**More from a trio of D.C. locals:

Chris Geidner: Post Endorses NOM’s Nom in Ward 5 Council Race [Poliglot]

First, the Post ed board has steadily supported marriage equality in the past. That’s why it makes no sense to laud Councilmember Harry Thomas, Jr. for courage in voting for the marriage bill, then go on to laud Hunter for being “someone who thinks there is a way to provide equality for gays while respecting the beliefs of religious groups.

Adam Bink: Muddying the waters on equality [Open Left]

Now, it may not matter to the Washington Post who Hunter chooses to pal around with, but it does to the LGBT community. NOM has chosen Hunter to be its shining example of how to defeat pro-marriage incumbents.

Joe Sudbay: Wash. Post endorsed NOM-backed candidate for City Council [AmericaBlog]




Good As You

—  John Wright

Ex-Spitzer Madam Lands on Ballot

KRISTIN DAVIS X390 (HER SITE) | ADVOCATE.COMRunning on a marriage equality platform, Kristin Davis — the ex-madam whose clients allegedly included Eliot Spitzer — has collected enough signatures to face off against Andrew Cuomo in the NY governor’s race.
Advocate.com: Daily News

—  John Wright

Propositions that appear on the Nov. 3 ballot throughout Texas

The following propositions are on the ballot statewide on Tuesday, Nov. 3. Polling places are open 7:00 a.m. to 7:00 p.m.

Proposition 1
“The constitutional amendment authorizing the financing, including through tax increment financing, of the acquisition by municipalities and counties of buffer areas or open spaces adjacent to a military installation for the prevention of encroachment or for the construction of roadways, utilities, or other infrastructure to protect or promote the mission of the military installation.”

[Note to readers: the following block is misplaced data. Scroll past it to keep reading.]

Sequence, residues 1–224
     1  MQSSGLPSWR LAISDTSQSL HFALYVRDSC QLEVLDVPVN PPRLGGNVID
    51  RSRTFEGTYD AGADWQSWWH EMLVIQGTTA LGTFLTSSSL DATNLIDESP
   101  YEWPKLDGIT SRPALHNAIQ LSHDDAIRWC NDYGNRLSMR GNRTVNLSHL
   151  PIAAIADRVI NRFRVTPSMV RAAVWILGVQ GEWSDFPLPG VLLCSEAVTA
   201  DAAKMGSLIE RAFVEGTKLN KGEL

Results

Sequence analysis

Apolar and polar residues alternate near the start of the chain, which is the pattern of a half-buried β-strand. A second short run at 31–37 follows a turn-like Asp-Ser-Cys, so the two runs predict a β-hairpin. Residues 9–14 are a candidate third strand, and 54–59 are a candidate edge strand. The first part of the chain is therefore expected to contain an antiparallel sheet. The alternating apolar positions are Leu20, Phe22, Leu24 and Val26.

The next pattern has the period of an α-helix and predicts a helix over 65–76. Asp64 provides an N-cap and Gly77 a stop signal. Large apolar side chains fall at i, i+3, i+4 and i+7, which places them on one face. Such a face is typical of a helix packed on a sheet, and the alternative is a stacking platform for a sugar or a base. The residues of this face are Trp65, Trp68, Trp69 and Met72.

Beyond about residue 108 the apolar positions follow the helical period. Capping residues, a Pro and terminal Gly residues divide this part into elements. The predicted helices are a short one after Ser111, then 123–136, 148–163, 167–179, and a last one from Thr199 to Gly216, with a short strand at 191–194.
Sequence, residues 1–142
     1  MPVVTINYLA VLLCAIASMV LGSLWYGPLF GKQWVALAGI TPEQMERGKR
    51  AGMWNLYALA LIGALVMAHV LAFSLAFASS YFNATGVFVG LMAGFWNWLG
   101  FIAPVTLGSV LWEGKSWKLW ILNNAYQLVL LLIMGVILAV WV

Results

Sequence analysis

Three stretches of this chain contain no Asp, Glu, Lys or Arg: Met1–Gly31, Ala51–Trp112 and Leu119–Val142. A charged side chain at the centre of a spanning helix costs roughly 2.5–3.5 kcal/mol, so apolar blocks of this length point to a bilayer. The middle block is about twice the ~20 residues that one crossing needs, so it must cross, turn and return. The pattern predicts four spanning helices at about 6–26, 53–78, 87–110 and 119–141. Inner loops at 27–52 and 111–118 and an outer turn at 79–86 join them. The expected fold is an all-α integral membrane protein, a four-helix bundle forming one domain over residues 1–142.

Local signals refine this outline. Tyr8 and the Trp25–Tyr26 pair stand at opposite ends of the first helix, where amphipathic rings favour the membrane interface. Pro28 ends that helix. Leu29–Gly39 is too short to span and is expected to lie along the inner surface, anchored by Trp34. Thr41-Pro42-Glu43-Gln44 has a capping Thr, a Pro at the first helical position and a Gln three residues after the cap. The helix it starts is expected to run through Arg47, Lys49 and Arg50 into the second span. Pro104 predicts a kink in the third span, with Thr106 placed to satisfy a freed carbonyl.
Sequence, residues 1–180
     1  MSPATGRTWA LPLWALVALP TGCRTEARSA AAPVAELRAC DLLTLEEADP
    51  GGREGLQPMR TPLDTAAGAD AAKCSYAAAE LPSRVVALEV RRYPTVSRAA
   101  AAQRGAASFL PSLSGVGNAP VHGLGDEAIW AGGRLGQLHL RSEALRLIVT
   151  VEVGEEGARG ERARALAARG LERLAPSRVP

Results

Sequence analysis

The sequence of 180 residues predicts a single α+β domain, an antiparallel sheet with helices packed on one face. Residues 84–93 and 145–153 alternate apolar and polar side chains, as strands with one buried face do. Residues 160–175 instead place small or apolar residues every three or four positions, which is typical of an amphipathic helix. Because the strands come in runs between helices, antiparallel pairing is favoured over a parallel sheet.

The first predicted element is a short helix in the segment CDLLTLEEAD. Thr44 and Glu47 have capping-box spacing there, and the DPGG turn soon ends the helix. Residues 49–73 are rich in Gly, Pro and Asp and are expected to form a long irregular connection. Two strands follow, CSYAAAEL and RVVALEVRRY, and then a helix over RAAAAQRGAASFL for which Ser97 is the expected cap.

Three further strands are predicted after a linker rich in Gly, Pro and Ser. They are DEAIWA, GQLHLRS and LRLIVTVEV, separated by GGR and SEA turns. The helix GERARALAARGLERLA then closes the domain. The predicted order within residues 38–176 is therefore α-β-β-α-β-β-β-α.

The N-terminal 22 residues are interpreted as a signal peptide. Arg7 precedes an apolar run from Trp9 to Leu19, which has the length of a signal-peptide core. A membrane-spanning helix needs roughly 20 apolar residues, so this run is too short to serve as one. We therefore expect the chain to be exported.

Proposition 2
“The constitutional amendment authorizing the legislature to provide for the ad valorem taxation of a residence homestead solely on the basis of the property’s value as a residence homestead.”

Proposition 3
“The constitutional amendment providing for uniform standards and procedures for the appraisal of property for ad valorem tax purposes.”

Proposition 4
“The constitutional amendment establishing the national research university fund to enable emerging research universities in this state to achieve national prominence as major research universities and transferring the balance of the higher education fund to the national research university fund.”

Proposition 5
“The constitutional amendment authorizing the legislature to authorize a single board of equalization for two or more adjoining appraisal entities that elect to provide for consolidated equalizations.”

Proposition 6
“The constitutional amendment authorizing the Veterans’ Land Board to issue general obligation bonds in amounts equal to or less than amounts previously authorized.”

Proposition 7
“The constitutional amendment to allow an officer or enlisted member of the Texas State Guard or other state militia or military force to hold other civil offices.”

Proposition 8
“The constitutional amendment authorizing the state to contribute money, property, and other resources for the establishment, maintenance, and operation of veterans hospitals in this state.”

Proposition 9
“The constitutional amendment to protect the right of the public, individually and collectively, to access and use the public beaches bordering the seaward shore of the Gulf of Mexico.”

Proposition 10
“The constitutional amendment to provide that elected members of the governing boards of emergency services districts may serve terms not to exceed four years.”

Proposition 11
“The constitutional amendment to prohibit the taking, damaging, or destroying of private property for public use unless the action is for the ownership, use, and enjoyment of the property by the State, a political subdivision of the State, the public at large, or entities granted the power of eminent domain under law or for the elimination of urban blight on a particular parcel of property, but not for certain economic development or enhancement of tax revenue purposes, and to limit the legislature’s authority to grant the power of eminent domain to an entity.”

— David Taffet

—  Dallasvoice